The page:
The opinion of the court was delivered by: Sweet, District Judge.
Defendant Chemical Bank ("Chemical") has moved pursuant to
Rules 54 and 58 of the Federal Rules of Civil Procedure for
entry of judgment in its favor in accordance with the opinion
dated February 16, 1990, which granted its motion for summary
judgment. Plaintiff Lund's, Inc. ("LI") has renewed its motion
for reconsideration of the February 16 opinion. For the
following reasons, the motion for reconsideration is granted
and on reconsideration the February 16 opinion is affirmed,
with judgment to be entered in favor of Chemical pursuant to
the earlier opinion.
The parties, facts, and prior proceedings in this case are
set forth in detail in the numerous prior opinions, familiarity
with which is assumed. Lund v. Chemical Bank, 665 F. Supp. 218,
(S.D.N.Y. 1987) ("Lund's I") and Lund v. Chemical Bank,
675 F. Supp. 815 (S.D.N.Y. 1987) ("Lund's II"), rev'd, Lund's, Inc.
v. Chemical Bank, 870 F.2d 840 (2d Cir. 1989) ("Lund's III"),
on remand, Lund v. Chemical Bank, 84 Civ. 1621, 1990 WL 17711
(S.D.N.Y. February 16, 1990) ("Lund's IV").
On October 18, 1990 the Court of Appeals issued its opinion
affirming Barclays I. State v. Barclays Bank of New York, N.A.,
76 N.Y.2d 533, 561 N.Y.S.2d 697, 563 N.E.2d 11 (1990)
("Barclays II"). Chemical thereupon moved for entry of judgment
pursuant to the decision in Lund's IV, and LI in response
argued in support of its original motion for reconsideration of
that decision.*fn1 Oral argument was heard on November 30,
1. The Check Was Not Constructively Delivered to LI.
In light of Barclays II, the only issue presented here is
whether or not check no. 56853 for $400,000 ("the Check"),
drawn on Chemical by Laidlaw, Adams & Peck, Inc. ("Laidlaw")
originally payable to Flight Transportation Corporation
("FTC"), was constructively delivered to LI when it was
endorsed by FTC's secretary payable to LI and given to William
Rubin ("Rubin"), FTC's president to deliver to LI.*fn2
In Lund's IV, this question was considered and decided in
Chemical's favor, on the basis of the Barclays I discussion of
the concept of constructive delivery: "[Barclays I]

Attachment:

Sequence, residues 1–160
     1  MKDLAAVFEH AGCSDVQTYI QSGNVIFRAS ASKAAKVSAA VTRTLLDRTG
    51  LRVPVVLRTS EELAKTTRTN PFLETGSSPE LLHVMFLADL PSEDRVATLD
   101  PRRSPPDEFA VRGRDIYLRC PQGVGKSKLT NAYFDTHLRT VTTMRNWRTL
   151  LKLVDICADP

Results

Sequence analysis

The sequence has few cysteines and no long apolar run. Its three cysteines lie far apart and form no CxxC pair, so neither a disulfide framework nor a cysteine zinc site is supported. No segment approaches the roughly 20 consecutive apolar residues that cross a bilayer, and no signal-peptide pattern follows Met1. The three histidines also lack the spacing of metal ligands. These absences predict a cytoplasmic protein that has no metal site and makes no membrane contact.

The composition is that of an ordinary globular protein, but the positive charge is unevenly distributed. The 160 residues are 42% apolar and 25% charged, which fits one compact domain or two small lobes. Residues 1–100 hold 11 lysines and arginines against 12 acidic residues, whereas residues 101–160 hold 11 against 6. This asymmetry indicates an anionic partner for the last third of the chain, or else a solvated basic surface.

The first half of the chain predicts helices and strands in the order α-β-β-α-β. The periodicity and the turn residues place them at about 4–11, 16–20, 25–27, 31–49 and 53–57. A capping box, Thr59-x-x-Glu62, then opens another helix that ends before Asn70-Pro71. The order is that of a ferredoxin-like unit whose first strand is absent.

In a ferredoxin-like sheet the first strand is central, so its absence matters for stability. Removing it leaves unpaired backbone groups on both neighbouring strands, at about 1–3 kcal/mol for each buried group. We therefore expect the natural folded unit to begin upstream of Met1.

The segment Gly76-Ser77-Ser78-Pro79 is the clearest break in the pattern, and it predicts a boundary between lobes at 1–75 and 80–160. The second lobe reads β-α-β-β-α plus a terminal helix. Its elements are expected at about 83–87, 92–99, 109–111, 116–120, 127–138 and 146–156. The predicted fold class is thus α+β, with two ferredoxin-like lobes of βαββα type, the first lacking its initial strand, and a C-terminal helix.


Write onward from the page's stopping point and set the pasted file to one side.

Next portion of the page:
contemplates that there can be 'constructive' delivery, but
such delivery occurs when the check is physically delivered
'into the hands' of a co-payee or an agent of the payee."
Lund's IV at 8 (citing Barclays I, 151 A.D.2d at 21, 546 N.Y.
So.2d at 481).
The Court of Appeals confirmed that no constructive delivery
had occurred in Barclays II, specifically distinguishing the
situations in which an instrument is given to an agent of the
payee, 76 N.Y.2d at 539, 561 N.Y.S.2d at 700, 563 N.E.2d at 14,
or to "a nonagent third party either in its capacity as sole
payee with intended delivery to plaintiff or as plaintiff's
copayee." Id. at 539 n. 4, 561 N.Y.S.2d at 700 n. 4, 563 N.E.2d
at 14 n. 4 (distinguishing Charmglow Products v. Mitchell St.
State Bank, 687 F. Supp. 448 (E.D.Wis. 1988)). As regards this
factor, Rubin was neither the payee nor co-payee of the Check,
and LI has presented no evidence — aside from its belated
ratification theory, discussed below — that he was LI's agent
and not merely its purported agent under the forged power of
LI's argument rests primarily on Wolfin v. Security Bank, 170
A.D. 519, 156 N.Y.S. 474 (1st Dep't 1915), aff'd 218 N.Y. 709,
113 N.E. 1068 (1916). In that case, the drawer of the check in
question had given it directly to the named payee after
requiring the payee to endorse the check to a third party, and
directed that the payee deliver the check to the third party.
This was held to constitute constructive delivery to the third
party which entitled that party to sue for wrongful payment of
the check. LI asserts that the Barclays II court indicated that
Wolfin is still good law, and that under Wolfin the Check here
was constructively delivered to LI.
As for the constructive delivery from FTC to LI, the
Barclays II court clarified its view of Wolfin: "Unlike the
case at bar . . . in Wolfin the drawer retained no control
after the Check was delivered to the named payee as a fully
negotiable instrument." 76 N.Y.2d at 540, 561 N.Y.S.2d at 700,
563 N.E.2d at 14 (emphasis added). Here the Check, as endorsed
by FTC payable to LI was not "fully negotiable" until delivery
to LI. As Rubin was not the named payee under this ...